Document Detail

Assessment of ambulance dispatch data for surveillance of influenza-like illness in Melbourne, Australia.
MedLine Citation:
PMID:  19144362     Owner:  NLM     Status:  MEDLINE    
OBJECTIVES: Ambulance dispatch data are collated electronically in many jurisdictions and have a wide reach into the community. They may therefore be useful for syndromic surveillance and early recognition of emerging infectious diseases. This study assessed whether ambulance dispatch data are suitable for influenza surveillance. STUDY DESIGN: Comparison of a time series of ambulance dispatch data from Melbourne, Australia for the years 1997-2005 with locum service and general practice (GP) sentinel surveillance data for influenza-like illness (ILI). METHODS: All data were aggregated into 1-week periods, corresponding to the data collection period used in the GP sentinel surveillance system, which was used as the reference system. Rates of ambulance dispatches classified to respiratory or breathing problems per 1000 total dispatches were compared with rates of callouts for flu or influenza per 1000 locum calls, and rates of ILI per 1000 patients from the sentinel GPs. Signals from the ambulance data were generated using the log likelihood ratio CUSUM, a method of continuous monitoring suitable for surveillance. RESULTS: The ambulance dispatch data displayed seasonal trends that were similar to those observed in locum service surveillance and GP sentinel systems, and identified the years with higher-than-expected seasonal ILI activity (1998 and 2003) and the epidemic year (1997). However, there was a high baseline rate of ambulance calls classified to respiratory or breathing problems (90-100 per 1000 calls) in months where there was minimal influenza activity. CONCLUSION: Ambulance dispatch data have potential for syndromic surveillance, but because of the high background noise are not definitive and would need to be calibrated to suit particular local circumstances.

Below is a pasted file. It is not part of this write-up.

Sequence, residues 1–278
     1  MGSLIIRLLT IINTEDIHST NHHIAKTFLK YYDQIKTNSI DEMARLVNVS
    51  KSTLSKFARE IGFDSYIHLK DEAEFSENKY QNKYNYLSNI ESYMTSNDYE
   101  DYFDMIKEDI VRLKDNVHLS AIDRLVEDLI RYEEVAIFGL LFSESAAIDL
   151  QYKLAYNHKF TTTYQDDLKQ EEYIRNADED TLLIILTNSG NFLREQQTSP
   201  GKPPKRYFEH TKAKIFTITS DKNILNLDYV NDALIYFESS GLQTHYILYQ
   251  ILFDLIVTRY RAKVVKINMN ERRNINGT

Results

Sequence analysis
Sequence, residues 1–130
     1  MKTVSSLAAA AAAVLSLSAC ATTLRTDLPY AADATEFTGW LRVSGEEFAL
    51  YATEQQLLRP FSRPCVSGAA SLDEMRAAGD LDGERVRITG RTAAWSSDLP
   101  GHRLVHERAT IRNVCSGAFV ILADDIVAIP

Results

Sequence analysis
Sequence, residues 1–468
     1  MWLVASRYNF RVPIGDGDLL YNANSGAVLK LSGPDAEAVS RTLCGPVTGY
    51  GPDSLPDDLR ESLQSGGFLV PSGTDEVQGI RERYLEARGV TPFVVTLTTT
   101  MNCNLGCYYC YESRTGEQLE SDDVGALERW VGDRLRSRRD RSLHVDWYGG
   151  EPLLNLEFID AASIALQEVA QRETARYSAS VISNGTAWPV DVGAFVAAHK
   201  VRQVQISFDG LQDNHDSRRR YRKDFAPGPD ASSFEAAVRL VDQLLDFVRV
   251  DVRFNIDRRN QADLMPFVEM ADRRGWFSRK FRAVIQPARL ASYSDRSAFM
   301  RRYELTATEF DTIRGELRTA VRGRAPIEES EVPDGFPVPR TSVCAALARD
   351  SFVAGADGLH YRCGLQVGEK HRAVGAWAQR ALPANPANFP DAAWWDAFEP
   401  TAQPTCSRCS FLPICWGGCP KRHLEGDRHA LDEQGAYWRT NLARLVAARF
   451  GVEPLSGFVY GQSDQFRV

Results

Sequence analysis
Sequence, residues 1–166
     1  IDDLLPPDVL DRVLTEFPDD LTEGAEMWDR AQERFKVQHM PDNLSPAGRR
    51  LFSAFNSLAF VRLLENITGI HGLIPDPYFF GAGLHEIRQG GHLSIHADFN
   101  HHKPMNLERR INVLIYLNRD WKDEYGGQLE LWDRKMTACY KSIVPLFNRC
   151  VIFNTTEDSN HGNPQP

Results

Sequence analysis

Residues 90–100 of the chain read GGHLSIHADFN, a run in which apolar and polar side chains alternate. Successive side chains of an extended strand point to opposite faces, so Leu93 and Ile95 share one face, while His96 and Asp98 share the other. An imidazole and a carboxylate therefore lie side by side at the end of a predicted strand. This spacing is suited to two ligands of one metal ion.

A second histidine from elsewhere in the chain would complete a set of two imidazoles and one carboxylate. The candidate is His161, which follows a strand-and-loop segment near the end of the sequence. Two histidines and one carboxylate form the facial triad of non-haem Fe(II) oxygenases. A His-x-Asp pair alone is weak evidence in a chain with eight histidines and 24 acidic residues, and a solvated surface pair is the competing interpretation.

M D Coory; H Kelly; V Tippett
Publication Detail:
Type:  Journal Article; Research Support, Non-U.S. Gov't     Date:  2009-01-13
Journal Detail:
Title:  Public health     Volume:  123     ISSN:  1476-5616     ISO Abbreviation:  Public Health     Publication Date:  2009 Feb 
Date Detail:
Created Date:  2009-02-23     Completed Date:  2009-05-05     Revised Date:  -    
Medline Journal Info:
Nlm Unique ID:  0376507     Medline TA:  Public Health     Country:  Netherlands    
Other Details:
Languages:  eng     Pagination:  163-8     Citation Subset:  IM    
School of Population Health, University of Queensland, Mayne Medical School, Herston Road, Herston, Queensland 4006, Australia.
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MeSH Terms
Ambulances / statistics & numerical data*
Australia / epidemiology
Influenza, Human / epidemiology*
Markov Chains
Population Surveillance / methods*
Public Health Informatics

From MEDLINE®/PubMed®, a database of the U.S. National Library of Medicine

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